5 Some energy sources


5 Some energy sources

5.1 Primary and rechargeable batteries

The more frequent sources in the form of primary and rechargeable batteries exist in a wide variety of technologies and types. For choice, it is absolutely necessary to have a method of selection related to criteria linked to technical characteristics and uses. Many parameters must be taken into account: energy density (Figure 24.2), instant and mean power, use temperature, self discharge , lifetime, shape and flexibility, recycling and cost.

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Figure 24.2: Characteristics of primary and rechargeable batteries

Primary cells are of interest only for weak energy need, ie for objects that consume little or that are occasionally used unless one prefers to recharge the battery. One sees that, sometimes, the object (camera or walkman) must accept both options, with the choice of standard compatible formats. But it may be emphasised that there is a risk with down market primary cells of leaks and that they cannot be stored for a long time.

Some examples of ordinary current choices illustrate the selection criteria that are prevalent :

The very small objects with high consumption and frequent use operate with economical and high density energy primary batteries, for example hearing aids that use Zinc-air cells. A clock uses a zinc-silver cell of which the voltage is ultra -stable. Alkaline cells are generally used for high currents but are of relatively short lifetime. Small lithium cells are soldered (memory back-up: clock calendar, camera, TV channel, measurement parameters). High density energy on a very wide range of temperature is required in the cameras (lithium battery LiFeSO 2 or Li/MnO 2 ). An original solution would be that society Powerpaper develops a solution to print flexible batteries on the surface of packing cardboard. This would complete the offer of printable electronics.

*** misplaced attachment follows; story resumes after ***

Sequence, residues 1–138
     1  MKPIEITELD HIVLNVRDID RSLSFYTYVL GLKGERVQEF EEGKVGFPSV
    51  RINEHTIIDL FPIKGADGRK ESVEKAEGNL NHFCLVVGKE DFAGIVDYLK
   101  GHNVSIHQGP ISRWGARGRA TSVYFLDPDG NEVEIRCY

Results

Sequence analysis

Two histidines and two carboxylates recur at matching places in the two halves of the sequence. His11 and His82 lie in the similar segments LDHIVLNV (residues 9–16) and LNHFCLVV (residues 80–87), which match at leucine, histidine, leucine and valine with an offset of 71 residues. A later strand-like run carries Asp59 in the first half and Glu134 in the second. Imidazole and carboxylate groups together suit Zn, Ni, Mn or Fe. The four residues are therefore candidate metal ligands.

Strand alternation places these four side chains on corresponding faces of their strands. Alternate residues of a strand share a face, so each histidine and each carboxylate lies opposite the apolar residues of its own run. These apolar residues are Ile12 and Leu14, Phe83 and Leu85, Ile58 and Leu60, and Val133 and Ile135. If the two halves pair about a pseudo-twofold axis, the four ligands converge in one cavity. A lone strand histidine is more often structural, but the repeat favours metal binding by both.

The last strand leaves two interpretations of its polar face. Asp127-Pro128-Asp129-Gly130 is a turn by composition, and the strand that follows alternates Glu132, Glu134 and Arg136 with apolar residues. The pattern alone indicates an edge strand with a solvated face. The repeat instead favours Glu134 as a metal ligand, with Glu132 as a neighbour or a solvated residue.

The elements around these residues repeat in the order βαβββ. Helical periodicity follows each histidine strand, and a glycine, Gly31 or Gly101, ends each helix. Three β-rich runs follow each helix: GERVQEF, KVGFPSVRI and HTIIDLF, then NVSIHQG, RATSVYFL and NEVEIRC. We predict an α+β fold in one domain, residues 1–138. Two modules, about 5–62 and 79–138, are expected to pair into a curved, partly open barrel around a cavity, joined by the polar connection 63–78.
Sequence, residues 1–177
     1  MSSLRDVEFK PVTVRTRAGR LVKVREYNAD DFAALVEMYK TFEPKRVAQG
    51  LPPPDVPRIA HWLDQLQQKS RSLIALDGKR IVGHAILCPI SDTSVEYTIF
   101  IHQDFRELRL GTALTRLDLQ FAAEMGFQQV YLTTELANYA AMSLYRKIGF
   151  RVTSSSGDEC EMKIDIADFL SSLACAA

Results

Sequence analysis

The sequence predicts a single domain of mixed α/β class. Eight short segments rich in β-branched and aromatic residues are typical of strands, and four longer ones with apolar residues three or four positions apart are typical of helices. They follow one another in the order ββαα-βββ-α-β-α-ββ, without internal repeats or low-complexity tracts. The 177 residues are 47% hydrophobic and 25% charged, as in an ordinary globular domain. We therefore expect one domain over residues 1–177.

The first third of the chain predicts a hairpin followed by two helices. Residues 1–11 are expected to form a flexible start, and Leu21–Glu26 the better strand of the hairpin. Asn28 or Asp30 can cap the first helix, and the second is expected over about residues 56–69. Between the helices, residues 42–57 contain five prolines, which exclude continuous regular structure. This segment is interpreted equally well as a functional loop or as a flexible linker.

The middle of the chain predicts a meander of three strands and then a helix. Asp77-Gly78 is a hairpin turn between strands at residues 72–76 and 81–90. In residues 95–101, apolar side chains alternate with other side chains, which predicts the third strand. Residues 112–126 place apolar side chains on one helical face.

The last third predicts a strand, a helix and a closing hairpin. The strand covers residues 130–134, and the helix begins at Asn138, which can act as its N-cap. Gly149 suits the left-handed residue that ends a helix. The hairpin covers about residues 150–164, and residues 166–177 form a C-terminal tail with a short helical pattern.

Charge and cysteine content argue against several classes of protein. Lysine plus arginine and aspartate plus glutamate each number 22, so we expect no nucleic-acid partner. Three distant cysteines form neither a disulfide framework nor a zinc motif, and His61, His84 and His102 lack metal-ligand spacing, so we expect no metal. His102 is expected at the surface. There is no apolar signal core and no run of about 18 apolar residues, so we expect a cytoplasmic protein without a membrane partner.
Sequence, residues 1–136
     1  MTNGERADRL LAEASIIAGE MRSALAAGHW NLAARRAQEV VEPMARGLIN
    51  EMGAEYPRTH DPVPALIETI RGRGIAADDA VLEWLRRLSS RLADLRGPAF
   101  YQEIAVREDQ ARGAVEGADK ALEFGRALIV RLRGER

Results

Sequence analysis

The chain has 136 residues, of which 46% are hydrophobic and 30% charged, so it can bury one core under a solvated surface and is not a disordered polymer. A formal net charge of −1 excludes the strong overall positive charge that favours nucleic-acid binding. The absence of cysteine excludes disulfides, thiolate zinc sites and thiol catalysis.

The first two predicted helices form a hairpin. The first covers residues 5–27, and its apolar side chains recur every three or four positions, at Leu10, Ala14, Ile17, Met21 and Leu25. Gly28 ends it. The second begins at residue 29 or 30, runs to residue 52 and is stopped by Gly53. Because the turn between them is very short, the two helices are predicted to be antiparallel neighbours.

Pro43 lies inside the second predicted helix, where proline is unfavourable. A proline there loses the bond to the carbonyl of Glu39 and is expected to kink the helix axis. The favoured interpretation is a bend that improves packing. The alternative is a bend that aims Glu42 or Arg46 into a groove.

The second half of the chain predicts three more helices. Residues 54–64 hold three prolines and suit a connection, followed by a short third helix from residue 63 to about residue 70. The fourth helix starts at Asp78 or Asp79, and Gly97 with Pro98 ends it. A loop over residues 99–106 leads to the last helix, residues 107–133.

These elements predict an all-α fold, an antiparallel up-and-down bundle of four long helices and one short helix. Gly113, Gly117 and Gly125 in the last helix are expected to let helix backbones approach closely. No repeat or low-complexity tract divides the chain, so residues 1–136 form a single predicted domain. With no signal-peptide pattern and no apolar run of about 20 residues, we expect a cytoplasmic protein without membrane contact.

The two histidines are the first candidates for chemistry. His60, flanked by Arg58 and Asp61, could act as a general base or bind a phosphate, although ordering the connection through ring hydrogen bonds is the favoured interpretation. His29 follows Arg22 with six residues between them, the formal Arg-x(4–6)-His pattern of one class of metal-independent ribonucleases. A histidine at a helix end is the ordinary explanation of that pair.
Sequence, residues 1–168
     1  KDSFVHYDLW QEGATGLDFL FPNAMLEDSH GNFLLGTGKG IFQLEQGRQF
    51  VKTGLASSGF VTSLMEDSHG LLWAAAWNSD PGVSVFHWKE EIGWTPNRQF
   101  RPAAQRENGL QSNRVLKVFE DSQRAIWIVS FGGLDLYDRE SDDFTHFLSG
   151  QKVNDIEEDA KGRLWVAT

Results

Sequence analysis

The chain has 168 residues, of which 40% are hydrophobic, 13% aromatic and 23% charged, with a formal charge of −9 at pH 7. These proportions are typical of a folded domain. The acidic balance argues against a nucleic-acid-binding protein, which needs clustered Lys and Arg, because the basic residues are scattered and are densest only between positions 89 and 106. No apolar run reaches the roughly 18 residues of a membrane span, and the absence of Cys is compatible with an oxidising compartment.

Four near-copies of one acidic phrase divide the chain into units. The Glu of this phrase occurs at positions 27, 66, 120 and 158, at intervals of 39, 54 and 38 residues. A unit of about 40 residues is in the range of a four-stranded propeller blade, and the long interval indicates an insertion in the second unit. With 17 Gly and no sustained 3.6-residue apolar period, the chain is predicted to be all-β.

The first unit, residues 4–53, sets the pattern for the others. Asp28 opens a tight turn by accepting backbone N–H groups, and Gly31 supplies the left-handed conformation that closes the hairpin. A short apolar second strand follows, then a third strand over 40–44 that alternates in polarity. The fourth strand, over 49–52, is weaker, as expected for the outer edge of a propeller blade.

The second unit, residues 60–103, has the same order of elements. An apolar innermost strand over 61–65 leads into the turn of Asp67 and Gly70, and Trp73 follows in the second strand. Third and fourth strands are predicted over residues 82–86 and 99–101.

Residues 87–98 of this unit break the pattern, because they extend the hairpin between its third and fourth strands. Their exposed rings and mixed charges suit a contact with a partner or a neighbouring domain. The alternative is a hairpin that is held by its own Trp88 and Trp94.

For intense usage, rechargeable batteries, though expensive, are unbeatable for annual cost because they can perform many cycles .

The following table (Table 24.1) sums up the main features of rechargeable batteries and shows in what the choice may be different depending on use.

Table 24.1: Characteristics and use of rechargeable batteries

Technology

Energy density - Wh/kg - Wh/1

-Life time - Cycles 100%

Complexity of charge Charge maxi

Self charge

Cost c euro/Wh/cycle

Use

Lead 2 V

20 “40 <80

5 years 200

Easy 5 to 15 min

< 10%/month

0,1 to 0,3

Robot, low cost, high power

NiCd 1,2 V

40 “60 <120

10 years 1500

Easy 5 to 15 min

10% in some days 100% in 5 months

0,5

Wireless, tools, wide range of temperature, solid, high power

NiMH 1,2 V

60 “120 <350

5 years 500

Mean 1h

100% in 3 months

0,4 to 0,6

DECT, GSM, PC, picture, games image recoder

Li-ion 3,6 V

110 “160 250

2 years 400

Sophisticated 1h

< 10%/month

1,5 to 5

GSM, PenPC, PDA, camcorder

Li-ion polymer 3,6 V

130 “170 400

2 years 500

Sophisticated 1h

< 10%/month

?

Replacement of flexible Li-ion and safer

It must be emphasised that nickel batteries need, due to their high self discharge, frequent recharging (weekly to monthly).

For the objects that use rechargeable batteries, the issue of the charger is crucial. One sees that the charger is often much heavier and bigger than the battery. It may weigh 10 times the battery weight (200 g for 20 g in a GSM for a charge of 3 hours). Faster chargers exist (for example 600 mAh lithium-ion charged in 1 h) that are a little lighter at the price of sophistication.

This type of analysis about energy related to use, choice of the source and functional evolution will have to be made for every object. For example, the arrival of 3G mobiles (high bandwidth, sound and image remote download) that consume more energy, leads main manufacturers of lithium batteries for mobiles (Sanyo, Panasonic etc) to search for battery packs that have a capacity of 1000 mAh weighing less than 30 g. Projections are 400 Wh/1 and 250 Wh/kg in 2005/7. As the autonomy of objects is a essential need difficult to obtain due to increase of power consumption, much research is focused on an external autonomous source complementary or competitive to the classical charger [2 MIT]. The solutions range from single sources (primary battery, solar cell, inductive coil, piezzo-electric, dynamo etc) to hybrid sources that associate several sources and energy storage (demonstration of a pen-computer with solar panel: Figure 24.3).

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Figure 24.3: Solar pen-computer (France T l com)